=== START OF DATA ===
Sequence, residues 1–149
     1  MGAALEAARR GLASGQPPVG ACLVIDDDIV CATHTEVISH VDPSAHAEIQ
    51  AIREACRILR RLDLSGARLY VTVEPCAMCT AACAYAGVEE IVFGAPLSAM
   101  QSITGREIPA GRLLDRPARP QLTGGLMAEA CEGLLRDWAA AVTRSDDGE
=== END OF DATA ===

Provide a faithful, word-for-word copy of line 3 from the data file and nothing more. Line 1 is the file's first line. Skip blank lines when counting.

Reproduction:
    51  AIREACRILR RLDLSGARLY VTVEPCAMCT AACAYAGVEE IVFGAPLSAM